September 20, 2014

The Luminaries: The Fortunes Are Told In The Stars

By Jason C S Cheung

To be very honest, I hadn’t done my due diligence and read The Luminaries before I entered the centre culturel franco-manitobain. After some reasearch, I was fascinated to learn that the novel is set in 19th century New Zealand. It's a mystery and a historical period piece: one of my favourite types! Eleanor Catton was a true inspiration this evening as she read, then shared her insights and reflections on her book. She illuminated us on an epic journey across the ocean to 1860s New Zealand (the setting of the novel is the gold rush on the west coast of New Zealand, a wild frontier).

She has won the Man Booker Prize and the Governor General Award for her bestselling novel.
An Ambience Set By Giving
The evening began with greetings from many honoured guests. The most memorable moment was from elders Clarence and Barbara Nepinak’s blessing of the event, which reminded us that we were on treaty land, and welcomed us to a sacred place of respect and sharing. They offered our guest a gift that carried significant meaning, as it was prepared by members of the Nepinak's community. Giving, Catton later told us, is an act bigger than ourselves, and one that defies the laws of nature. Much like reading a novel and experiencing the gift bestowed by the writer upon us, we are welcomed and enriched by the characters’ experiences as if they were that of our own. This theme inevitably ties in with the economy of worth versus value, which was central to some of the ideologies in her characters’ development.
Graceful Style, Grateful Audience
In her dialogue with festival director Charlene Diehl, the discussions of plot structure and archetypes really intrigued me. I was impressed with her analysis of archetypes versus stereotypes. From what I learned, an archetype is a mould: “a basis for the infinite to be filled,” whereas a stereotype is a reduction of a person to a series of traits. This is where it gets very interesting: by incorporating the elements of the twelve zodiacs, each character is generated through a set of pre-existing characteristics. Catton went on to describe the Freudian relationship between some of the planets, which was very complicated (beyond my meager understanding), but nevertheless breathtaking.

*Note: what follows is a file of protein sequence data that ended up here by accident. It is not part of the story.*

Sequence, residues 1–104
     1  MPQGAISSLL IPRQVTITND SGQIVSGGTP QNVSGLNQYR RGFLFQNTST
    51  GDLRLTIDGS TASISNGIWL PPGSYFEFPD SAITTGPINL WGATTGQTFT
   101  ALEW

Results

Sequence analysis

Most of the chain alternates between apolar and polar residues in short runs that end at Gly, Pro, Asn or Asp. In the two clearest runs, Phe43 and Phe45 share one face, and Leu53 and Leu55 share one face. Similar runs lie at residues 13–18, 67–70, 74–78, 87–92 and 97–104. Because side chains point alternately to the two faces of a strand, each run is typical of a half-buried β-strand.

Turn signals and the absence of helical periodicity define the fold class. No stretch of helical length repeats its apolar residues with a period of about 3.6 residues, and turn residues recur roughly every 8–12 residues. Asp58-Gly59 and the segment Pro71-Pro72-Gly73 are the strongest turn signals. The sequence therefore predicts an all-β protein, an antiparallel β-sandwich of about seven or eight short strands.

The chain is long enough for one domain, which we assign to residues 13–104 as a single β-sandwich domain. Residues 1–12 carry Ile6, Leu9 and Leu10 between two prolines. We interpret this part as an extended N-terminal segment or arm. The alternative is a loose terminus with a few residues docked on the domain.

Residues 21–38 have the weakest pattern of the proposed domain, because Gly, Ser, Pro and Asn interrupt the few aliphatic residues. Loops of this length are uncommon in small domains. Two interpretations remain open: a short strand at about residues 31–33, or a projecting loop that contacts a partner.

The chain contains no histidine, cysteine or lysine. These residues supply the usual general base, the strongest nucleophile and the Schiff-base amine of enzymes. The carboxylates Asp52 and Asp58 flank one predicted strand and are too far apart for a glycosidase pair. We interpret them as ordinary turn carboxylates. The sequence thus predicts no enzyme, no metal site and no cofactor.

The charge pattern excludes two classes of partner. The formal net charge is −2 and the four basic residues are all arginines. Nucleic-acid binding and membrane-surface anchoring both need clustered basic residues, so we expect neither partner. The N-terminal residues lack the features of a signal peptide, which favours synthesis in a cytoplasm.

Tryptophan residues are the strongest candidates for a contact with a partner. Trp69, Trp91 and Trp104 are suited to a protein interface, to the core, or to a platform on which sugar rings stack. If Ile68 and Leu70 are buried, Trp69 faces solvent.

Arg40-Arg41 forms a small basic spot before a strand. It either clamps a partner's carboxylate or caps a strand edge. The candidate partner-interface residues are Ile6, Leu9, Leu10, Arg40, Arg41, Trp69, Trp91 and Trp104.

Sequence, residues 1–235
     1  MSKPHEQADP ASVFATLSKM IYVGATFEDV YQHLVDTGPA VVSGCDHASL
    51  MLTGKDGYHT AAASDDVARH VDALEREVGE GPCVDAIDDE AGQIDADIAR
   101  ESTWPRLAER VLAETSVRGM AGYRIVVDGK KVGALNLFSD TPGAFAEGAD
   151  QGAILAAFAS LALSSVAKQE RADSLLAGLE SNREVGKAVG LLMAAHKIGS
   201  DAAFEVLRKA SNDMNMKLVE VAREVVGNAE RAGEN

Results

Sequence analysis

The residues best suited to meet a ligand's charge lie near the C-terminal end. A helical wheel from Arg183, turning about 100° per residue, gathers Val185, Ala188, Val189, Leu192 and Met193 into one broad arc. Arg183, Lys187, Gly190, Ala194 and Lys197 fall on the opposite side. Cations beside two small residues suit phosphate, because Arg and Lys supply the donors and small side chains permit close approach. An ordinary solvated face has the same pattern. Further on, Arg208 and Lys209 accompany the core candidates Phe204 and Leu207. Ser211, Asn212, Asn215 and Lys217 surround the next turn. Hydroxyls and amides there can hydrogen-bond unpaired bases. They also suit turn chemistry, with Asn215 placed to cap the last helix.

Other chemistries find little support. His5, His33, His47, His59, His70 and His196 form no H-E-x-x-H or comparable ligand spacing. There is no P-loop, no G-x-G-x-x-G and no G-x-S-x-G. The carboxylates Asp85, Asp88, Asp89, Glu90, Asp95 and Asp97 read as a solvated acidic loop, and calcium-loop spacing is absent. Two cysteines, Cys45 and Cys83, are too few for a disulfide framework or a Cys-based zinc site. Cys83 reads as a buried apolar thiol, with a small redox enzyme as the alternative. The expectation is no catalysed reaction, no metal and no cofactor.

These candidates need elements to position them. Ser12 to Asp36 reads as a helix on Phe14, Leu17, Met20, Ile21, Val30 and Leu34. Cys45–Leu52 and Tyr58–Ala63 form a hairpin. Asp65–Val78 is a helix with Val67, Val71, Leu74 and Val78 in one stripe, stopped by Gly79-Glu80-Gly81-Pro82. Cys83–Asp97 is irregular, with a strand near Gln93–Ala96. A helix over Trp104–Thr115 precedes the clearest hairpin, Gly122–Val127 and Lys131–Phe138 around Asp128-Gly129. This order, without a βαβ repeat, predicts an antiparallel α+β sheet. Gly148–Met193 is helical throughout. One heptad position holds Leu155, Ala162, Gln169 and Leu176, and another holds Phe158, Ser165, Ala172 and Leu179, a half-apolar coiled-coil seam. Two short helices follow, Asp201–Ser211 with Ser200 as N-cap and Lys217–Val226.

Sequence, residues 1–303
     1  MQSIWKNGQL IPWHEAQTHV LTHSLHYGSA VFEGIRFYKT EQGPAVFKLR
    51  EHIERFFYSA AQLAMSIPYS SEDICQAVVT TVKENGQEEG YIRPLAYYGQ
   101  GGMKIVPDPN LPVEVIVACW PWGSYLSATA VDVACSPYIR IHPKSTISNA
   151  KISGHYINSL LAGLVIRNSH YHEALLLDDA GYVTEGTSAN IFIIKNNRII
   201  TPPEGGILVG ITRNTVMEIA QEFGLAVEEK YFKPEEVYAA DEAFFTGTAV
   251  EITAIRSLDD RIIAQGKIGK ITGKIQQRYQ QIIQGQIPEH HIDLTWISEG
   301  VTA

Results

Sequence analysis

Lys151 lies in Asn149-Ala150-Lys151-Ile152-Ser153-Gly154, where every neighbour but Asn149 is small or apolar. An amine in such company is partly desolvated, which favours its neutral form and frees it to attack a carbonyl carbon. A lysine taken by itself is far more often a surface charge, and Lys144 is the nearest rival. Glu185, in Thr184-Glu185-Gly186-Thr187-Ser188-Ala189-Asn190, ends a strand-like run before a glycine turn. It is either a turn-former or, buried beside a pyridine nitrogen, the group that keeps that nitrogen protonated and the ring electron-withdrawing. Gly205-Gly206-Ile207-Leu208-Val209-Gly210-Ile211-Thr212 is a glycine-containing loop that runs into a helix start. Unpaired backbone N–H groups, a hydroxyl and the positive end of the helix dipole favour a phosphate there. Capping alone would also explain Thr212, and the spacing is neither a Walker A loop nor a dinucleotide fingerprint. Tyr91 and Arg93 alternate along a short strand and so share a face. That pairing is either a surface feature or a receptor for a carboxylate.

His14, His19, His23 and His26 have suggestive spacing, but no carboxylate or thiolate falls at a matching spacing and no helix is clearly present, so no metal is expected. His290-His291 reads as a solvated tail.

As the Planets and Signs Dictate
The way Catton described the interconnectedness and the interdependence of the stars and planets in motion truly mesmerized the audience. Personification of archetypes in celestial objects is nothing new, but to learn that she used them to shape her characters was definitely a breath of fresh air. The meticulous inner workings of miracles weaved into the magical network of her characters was truly astounding. I felt transformed by the intricacies of her storytelling, and her elegant presence.
Fortune telling as a Career?
I would like to ask Eleanor a personal question:
I am one of your archetypes of the constellation characters in the novel: Chinese, male, and a Virgo. Would you be kind enough to give a personal chart reading? In sharing your story and personal journey in the development of this astounding work (which I will surely read), it is rare to find a great novelist, but it is rarer still to find an author with such eloquence in language and a graceful presence that is still a bit mysterious to me.
Thank you for travelling to the other side of the ocean to visit us.
Well, better get started on the long journey of 832 pages. Good for reading on the plane!
Please join us for more wonderful events at the 18th Winnipeg International Writers’ Festival, and happy reading!
Jason C.S. Cheung

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